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Wakeful in an eternity of emptiness

This is a review of Sleeping Beauty (2011)

More views of - or at - Cambridge Film Festival 2011
(Click here to go directly to the Festival web-site)


25 September

This is a review of Sleeping Beauty (2011)

When, in Sleeping Beauty, an elderly man with a white beard (whom we have seen before, and know that he is a pining widower) starts a story that is, frankly, of little real interest, but just an attempt (where others throughout the film may have failed) to be weighty, I nearly did decide to take my eyes off his face and just listen - in the hope, even, that sleep might come (of which Macbeth’s character speak so highly, if not Hamlet’s, likening death to it in ‘what dreams may come’, etc.).

Would that I had either given into that temptation or of making this film the fifth thing that I did not see through to the end in this Festival, because Sleepless in Seattle almost has more to say about life, and without being so needlessly portentous (maybe even, with the same crew, You’ve Got Mail). Whatever journey someone thought that this film was taking the viewer on was not, as far as I am concerned, worth the shoe-leather.

A series of things was presented that were probably intended to make one more feel uncomfortable (although the word ‘series’ might suggest a progression, or some intelligence behind aching voids of silence, slow fades, the blackness before the next scene, etc., which were like forces pulling in contrary directions) – oh, and some of them do, as certain forms of self-willed violence or appropriation almost always will, but, if they do, it might help if there were some basis for them.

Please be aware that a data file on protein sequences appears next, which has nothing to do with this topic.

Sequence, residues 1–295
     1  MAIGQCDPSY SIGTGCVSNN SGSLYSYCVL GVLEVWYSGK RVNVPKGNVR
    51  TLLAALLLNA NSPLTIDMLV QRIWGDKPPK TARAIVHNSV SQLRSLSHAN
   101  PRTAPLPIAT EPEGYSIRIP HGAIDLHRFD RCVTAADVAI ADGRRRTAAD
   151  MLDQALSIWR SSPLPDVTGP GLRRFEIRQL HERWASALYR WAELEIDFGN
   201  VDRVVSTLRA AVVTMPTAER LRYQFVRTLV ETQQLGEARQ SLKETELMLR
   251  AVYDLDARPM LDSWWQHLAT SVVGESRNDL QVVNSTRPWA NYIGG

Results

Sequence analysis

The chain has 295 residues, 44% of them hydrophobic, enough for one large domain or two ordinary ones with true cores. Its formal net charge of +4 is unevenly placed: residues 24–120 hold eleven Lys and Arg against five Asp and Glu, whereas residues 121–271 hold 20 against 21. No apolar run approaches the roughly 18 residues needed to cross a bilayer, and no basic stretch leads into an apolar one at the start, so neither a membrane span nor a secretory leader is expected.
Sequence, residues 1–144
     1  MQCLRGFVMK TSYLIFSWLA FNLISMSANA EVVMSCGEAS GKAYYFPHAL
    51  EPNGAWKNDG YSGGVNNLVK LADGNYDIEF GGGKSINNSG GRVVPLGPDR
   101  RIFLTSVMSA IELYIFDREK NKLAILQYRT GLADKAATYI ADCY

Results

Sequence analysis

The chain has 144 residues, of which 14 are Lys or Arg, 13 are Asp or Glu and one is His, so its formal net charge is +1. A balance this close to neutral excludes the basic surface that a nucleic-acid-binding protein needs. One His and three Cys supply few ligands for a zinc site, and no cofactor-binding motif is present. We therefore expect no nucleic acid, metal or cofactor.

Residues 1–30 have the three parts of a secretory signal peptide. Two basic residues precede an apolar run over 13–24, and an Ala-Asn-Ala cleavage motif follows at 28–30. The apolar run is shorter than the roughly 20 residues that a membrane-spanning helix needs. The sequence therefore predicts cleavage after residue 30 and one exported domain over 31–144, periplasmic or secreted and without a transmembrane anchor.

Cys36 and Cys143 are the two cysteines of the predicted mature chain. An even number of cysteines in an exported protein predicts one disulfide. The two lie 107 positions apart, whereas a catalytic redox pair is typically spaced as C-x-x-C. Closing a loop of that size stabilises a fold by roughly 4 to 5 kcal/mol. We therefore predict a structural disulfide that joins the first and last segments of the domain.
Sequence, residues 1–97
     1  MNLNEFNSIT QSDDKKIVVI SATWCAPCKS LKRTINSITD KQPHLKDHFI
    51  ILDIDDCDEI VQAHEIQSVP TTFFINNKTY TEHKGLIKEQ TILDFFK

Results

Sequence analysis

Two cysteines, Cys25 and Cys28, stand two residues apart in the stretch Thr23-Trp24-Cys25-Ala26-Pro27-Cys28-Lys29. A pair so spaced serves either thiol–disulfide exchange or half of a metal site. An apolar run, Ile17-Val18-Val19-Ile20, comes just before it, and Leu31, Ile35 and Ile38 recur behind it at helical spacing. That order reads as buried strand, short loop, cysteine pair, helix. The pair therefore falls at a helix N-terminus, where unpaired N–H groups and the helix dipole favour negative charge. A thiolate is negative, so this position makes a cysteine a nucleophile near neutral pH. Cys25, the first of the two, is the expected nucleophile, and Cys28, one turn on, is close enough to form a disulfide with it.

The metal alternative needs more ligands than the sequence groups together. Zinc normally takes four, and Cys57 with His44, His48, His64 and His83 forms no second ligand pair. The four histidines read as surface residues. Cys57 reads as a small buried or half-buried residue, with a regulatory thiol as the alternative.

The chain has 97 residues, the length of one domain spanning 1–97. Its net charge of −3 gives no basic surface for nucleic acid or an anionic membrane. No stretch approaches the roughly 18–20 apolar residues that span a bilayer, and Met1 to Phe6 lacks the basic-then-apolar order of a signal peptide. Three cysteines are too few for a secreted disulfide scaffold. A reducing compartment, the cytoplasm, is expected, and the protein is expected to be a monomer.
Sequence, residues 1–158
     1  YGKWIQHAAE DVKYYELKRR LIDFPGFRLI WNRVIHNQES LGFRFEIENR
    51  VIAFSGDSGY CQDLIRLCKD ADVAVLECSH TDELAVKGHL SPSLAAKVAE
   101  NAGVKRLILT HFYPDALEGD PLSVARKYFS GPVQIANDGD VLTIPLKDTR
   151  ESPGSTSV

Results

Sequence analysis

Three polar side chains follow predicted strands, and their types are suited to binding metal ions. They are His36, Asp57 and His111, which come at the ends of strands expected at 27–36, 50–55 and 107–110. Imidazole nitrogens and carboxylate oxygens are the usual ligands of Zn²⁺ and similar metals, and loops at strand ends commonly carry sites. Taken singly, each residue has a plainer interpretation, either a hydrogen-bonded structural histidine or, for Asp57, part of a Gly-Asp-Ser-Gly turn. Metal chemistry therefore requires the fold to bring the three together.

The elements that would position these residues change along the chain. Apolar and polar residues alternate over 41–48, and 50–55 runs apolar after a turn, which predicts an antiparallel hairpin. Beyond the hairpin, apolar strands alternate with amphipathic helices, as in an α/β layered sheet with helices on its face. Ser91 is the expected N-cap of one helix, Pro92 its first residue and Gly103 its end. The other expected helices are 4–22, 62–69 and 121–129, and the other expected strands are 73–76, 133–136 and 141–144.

I really do not think that the essential premise is tenable, when, whatever the poster might suggest, Emily Browning (as Lucy (Melissa?)) is no pre-Raphaelite beauty (except in terms of hair colour, but certainly not stature, poise or demeanour), makes a noisy job of pouring wine or a brusque one of offering brandy, and does not even seem – although a few books and papers are strewn around in a scene towards the end – very convincing as a student.

And as a student of what – is what we are shown in the lecture-room (analysis of a game of go, and some incomplete notation that is being chalked on the board earlier on) founded on some sort of notion of what games theory or the mathematics behind it is like?

Lucy’s motivation to do what she does is clear enough – she can, she wants to, and she needs money, although, rather slowly, she begins to wonder what she is doing. I begin to wonder what Clara is doing, too, if where she gives various men free rein, but with a fairly arbitrary (and irrelevant) restriction, really is her home – she is supposed to be running some sort of comprehensive ring of young women like Lucy, but that aspect quickly appears more or less forgotten about, I suspect, because she is really needed to bolster the lack of engagement and energy in the role (and playing) of Lucy, and so has to give her personal attention.

However, attention given to Lucy and Clara’s antics will not, I fear, be repaid.


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